Beijing, 19 August 2012

When I received an invitation for my wife and I to attend the 15th Beijing Art Expo 2012, I felt a thrill of pleasurable anticipation. The invitation announced that the exhibition would cover 10,000 square metres, with art works from more than 80 galleries and art agencies, from 16 countries and areas. But yesterday afternoon, when we entered the exhibition my heart sank. I recognized that we had visited the exhibition two years ago and had been underwhelmed by what we saw. I feared the same again.

Unfortunately, I was right. The art being shown was either pretentious crap or sucrose. I gritted my teeth and systematically worked my way from booth to booth. Hope springs eternal. But there was absolutely nothing worth looking at. So depressing …

And then I came across two booths which were exhibiting Russian art. This is not actually the first time I’ve come across Russian art being exhibited in Beijing. I find this art quite refreshing. For the most part the paintings are quiet, reflective views of rural life, with vistas of fields, village buildings, and farming folk just doing what they need to do. There are also some townscapes and seascapes. They remind me very much of the early pictures the impressionist painted in the 1860s and early 1870s, before they began to use a brighter palette.

beijing art expo 2012

The intriguing thing is that much of this art was painted in the 1960s, ‘70s and ‘80s, so when the Soviet Union still existed and so when art was closely controlled. Were these officially endorsed artists? But it doesn’t seem very “communist” art. Were they then “alternative artists”? I have to follow up on this. Watch this space.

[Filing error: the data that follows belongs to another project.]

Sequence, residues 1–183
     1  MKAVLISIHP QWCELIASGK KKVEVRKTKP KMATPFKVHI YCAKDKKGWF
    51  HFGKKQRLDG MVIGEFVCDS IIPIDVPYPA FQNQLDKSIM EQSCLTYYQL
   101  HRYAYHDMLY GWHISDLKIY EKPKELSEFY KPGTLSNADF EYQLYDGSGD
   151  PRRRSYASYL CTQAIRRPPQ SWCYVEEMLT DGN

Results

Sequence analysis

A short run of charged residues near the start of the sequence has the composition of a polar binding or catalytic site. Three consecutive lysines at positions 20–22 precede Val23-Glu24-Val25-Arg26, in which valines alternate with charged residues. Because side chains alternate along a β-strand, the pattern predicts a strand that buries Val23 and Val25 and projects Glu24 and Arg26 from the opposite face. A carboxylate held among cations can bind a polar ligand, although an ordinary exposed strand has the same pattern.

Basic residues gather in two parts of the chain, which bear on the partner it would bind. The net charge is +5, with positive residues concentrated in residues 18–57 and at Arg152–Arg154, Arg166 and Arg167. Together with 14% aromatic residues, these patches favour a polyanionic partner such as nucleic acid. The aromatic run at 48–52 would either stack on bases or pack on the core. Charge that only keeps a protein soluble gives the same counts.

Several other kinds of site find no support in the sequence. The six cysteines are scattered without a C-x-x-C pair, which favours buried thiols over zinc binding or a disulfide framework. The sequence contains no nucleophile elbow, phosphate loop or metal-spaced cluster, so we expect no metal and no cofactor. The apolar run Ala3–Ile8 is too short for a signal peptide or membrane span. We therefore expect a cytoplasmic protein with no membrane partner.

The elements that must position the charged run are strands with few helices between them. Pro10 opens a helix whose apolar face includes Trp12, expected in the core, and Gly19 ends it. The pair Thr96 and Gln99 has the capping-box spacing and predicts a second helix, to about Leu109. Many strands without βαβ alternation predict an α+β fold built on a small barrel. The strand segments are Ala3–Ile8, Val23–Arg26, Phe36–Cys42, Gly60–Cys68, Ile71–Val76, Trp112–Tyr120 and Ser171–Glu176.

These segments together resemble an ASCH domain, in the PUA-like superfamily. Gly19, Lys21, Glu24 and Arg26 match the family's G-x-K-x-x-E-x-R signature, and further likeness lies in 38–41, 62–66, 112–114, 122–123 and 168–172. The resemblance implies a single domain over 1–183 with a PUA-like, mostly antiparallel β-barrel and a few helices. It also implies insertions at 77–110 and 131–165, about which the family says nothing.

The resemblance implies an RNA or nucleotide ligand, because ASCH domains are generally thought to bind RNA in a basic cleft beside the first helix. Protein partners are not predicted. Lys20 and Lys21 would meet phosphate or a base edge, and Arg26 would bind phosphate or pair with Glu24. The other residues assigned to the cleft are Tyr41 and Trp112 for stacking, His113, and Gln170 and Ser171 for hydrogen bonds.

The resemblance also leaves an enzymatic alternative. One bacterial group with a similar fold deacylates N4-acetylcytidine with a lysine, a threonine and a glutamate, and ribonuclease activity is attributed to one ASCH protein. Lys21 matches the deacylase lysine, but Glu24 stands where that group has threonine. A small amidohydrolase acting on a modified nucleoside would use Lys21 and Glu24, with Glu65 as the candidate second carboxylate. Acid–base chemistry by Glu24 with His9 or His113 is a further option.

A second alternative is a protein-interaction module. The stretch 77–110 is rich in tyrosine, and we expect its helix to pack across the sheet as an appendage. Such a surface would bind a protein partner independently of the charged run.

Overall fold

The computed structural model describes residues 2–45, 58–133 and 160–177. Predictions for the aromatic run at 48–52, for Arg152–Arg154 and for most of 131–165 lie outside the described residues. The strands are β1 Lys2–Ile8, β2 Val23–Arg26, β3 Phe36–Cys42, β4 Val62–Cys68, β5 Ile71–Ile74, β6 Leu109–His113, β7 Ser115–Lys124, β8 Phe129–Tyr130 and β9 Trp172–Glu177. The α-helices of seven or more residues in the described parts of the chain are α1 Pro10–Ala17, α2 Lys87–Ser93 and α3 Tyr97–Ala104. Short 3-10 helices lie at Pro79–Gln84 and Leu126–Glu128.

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I like writing, but I’ve spent most of my life writing about things that don’t particularly interest me. Finally, as I neared the age of 60, I decided to change that. I wanted to write about things that interested me. What really interests me is beauty. So I’ve focused this blog on beautiful things. I could be writing about a formally beautiful object in a museum. But it could also be something sitting quietly on a shelf. Or it could be just a fleeting view that's caught my eye, or a momentary splash of colour-on-colour at the turn of the road. Or it could be a piece of music I've just heard. Or a piece of poetry. Or food. And I’m sure I’ve missed things. But I’ll also write about interesting things that I hear or read about. Isn't there a beauty about things pleasing to the mind? I started just writing, but my wife quickly persuaded me to include photos. I tried it and I liked it. So my posts are now a mix of words and pictures, most of which I find on the internet. What else about me? When I first started this blog, my wife and I lived in Beijing where I was head of the regional office of the UN Agency I worked for. So at the beginning I wrote a lot about things Chinese. Then we moved to Bangkok, where again I headed up my Agency's regional office. So for a period I wrote about Thailand and South-East Asia more generally. But we had lived in Austria for many years before moving to China, and anyway we both come from Europe my wife is Italian while I'm half English, half French - so I often write about things European. Now I'm retired and we've moved back to Europe, so I suppose I will be writing a lot more about the Old Continent, interspersed with posts we have gone to visit. What else? We have two grown children, who had already left the nest when we moved to China, but they still figure from time to time in my posts. I’ll let my readers figure out more about me from reading what I've written. As these readers will discover, I really like trees. So I chose a tree - an apple tree, painted by the Austrian painter Gustav Klimt - as my gravatar. And I chose Abellio as my name because he is the Celtic God of the apple tree. I hope you enjoy my posts. Klimt/big/Apple Tree I.jpg

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